0

You can pass $state to your controller and then when the page loads and calls the getter in the controller you call $state.go('index') or whatever partial you want to load. Done.

-1

Another method is to use HTML5's Application Cache to download all files once and keep them in the browser's cache. The above link contains much more information. The following information is from the article:

Change your <html> tag to include a manifest attribute:

<html manifest="http://www.example.com/example.mf">

A manifest file must be served with the mime-type text/cache-manifest.

A simple manifest looks something like this:

CACHE MANIFEST
index.html
stylesheet.css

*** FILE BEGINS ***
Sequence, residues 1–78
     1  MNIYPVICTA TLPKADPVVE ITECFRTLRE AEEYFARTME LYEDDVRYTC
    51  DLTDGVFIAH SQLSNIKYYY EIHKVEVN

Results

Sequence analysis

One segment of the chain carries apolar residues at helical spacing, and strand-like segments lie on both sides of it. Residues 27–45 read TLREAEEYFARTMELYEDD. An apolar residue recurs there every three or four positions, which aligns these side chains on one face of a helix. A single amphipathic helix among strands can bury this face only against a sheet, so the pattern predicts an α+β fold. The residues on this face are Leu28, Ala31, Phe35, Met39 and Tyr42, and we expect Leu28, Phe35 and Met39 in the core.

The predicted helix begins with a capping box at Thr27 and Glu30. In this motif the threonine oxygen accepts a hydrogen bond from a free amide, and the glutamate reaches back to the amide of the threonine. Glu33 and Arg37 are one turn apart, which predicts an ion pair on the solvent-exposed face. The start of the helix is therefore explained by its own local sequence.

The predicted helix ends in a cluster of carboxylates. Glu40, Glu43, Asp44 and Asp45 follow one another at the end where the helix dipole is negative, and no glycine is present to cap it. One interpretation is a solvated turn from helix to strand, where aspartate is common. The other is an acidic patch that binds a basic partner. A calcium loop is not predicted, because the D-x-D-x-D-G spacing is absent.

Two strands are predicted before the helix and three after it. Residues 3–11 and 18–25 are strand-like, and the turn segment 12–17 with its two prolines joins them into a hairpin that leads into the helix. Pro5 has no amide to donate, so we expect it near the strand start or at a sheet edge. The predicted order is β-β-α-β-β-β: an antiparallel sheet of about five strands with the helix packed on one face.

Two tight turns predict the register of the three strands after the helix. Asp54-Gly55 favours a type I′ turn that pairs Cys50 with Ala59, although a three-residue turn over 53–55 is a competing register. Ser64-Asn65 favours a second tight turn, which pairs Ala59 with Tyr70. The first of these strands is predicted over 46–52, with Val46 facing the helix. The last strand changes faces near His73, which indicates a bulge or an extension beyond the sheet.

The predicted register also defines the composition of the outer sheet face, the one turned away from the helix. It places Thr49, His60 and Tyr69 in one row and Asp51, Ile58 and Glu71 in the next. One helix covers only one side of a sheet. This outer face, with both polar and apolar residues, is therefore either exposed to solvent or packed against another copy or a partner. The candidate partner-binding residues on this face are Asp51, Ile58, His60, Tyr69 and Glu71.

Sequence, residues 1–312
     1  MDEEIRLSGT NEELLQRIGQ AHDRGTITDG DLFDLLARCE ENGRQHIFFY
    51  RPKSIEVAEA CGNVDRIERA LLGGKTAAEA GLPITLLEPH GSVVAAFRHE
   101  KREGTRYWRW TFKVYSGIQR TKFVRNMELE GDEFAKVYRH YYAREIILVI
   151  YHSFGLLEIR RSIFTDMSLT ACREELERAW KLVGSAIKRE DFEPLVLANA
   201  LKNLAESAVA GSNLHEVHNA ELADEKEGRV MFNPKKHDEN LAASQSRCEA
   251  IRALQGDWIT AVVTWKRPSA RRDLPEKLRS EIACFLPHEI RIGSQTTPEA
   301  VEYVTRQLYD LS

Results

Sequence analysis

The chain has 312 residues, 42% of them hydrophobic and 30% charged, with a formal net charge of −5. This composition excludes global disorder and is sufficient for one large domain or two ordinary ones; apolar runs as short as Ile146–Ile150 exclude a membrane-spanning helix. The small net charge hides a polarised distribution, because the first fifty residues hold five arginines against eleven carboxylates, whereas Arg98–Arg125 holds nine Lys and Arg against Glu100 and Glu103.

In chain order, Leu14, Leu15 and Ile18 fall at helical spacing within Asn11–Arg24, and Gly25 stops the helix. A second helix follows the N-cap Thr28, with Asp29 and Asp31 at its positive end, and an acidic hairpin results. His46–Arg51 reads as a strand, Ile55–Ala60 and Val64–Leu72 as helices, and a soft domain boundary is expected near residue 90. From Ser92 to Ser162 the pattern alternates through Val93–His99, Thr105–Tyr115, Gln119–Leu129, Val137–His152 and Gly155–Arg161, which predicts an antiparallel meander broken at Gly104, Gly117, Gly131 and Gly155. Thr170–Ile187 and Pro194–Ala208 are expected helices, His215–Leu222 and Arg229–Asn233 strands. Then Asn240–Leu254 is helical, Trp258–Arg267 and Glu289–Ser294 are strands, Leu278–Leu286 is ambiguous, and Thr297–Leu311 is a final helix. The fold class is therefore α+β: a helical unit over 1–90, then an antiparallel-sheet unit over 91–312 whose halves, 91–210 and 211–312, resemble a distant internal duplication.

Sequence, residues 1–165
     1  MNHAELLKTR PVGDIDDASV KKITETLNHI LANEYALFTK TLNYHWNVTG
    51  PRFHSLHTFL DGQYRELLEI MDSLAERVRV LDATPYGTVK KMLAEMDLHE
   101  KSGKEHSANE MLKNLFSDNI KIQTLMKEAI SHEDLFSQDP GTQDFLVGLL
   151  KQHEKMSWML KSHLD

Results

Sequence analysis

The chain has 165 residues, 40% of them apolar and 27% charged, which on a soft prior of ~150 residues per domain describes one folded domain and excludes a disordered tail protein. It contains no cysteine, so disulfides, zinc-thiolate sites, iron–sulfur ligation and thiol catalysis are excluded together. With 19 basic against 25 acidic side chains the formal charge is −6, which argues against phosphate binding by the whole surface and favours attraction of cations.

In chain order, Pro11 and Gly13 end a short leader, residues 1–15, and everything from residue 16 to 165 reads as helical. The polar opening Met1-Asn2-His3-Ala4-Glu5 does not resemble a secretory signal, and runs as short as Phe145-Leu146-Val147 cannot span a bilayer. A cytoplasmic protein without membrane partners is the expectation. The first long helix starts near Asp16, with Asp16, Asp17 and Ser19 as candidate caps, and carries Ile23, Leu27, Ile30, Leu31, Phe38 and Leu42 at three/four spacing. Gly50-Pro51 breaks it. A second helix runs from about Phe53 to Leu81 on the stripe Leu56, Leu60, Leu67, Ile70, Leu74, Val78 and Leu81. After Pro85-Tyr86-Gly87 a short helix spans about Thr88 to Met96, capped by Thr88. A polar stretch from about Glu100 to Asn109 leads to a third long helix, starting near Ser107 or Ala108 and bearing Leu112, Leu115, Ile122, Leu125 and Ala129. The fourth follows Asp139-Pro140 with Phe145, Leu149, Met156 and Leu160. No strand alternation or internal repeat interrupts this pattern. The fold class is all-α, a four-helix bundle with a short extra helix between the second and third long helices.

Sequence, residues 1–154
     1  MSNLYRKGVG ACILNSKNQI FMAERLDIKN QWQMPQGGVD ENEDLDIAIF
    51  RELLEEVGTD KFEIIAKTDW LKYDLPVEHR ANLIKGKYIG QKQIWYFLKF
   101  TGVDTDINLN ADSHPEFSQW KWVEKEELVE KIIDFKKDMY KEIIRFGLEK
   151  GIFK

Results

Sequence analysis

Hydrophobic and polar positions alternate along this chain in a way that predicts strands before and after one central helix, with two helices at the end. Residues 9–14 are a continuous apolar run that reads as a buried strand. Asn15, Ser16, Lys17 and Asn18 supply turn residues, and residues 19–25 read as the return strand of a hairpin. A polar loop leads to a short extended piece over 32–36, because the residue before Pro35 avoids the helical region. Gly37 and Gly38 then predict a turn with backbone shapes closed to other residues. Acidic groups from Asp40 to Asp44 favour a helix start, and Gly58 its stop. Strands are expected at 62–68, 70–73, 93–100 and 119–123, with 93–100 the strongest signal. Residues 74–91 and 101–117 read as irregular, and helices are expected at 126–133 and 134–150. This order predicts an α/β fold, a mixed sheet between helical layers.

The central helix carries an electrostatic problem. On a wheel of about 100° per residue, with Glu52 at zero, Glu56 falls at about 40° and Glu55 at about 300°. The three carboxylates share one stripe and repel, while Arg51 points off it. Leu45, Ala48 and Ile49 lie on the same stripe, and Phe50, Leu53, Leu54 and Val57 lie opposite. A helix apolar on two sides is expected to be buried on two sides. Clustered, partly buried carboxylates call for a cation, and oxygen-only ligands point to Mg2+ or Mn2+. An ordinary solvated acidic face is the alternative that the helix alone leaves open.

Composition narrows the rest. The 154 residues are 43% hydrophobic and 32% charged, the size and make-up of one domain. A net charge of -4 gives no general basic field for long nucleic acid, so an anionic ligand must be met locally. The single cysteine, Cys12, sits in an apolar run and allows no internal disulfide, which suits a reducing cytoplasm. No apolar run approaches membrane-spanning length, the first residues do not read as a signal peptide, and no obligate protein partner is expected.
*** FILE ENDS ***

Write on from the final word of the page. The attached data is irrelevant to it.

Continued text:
images/logo.png
scripts/main.js
http://cdn.example.com/scripts/main.js

Once an application is offline it remains cached until one of the following happens:

  1. The user clears their browser's data storage for your site.
  2. The manifest file is modified. Note: updating a file listed in the manifest doesn't mean the browser will re-cache that resource. The manifest file itself must be altered.
  • 1
    unfortunately this feature is deprecated now developer.mozilla.org/en-US/docs/Web/HTML/… so just a heads up, use this approach at your own risk – Lazy Coder Feb 2 '16 at 17:24
  • According to the HTML standard, "This feature is in the process of being removed from the Web platform. (This is a long process that takes many years.)" The suggested replacement, Service Workers, is still an "Experimental technology" as of early 2016. For now, I am still using the Application Cache because it works well for my applications. – Brent Washburne Feb 2 '16 at 18:09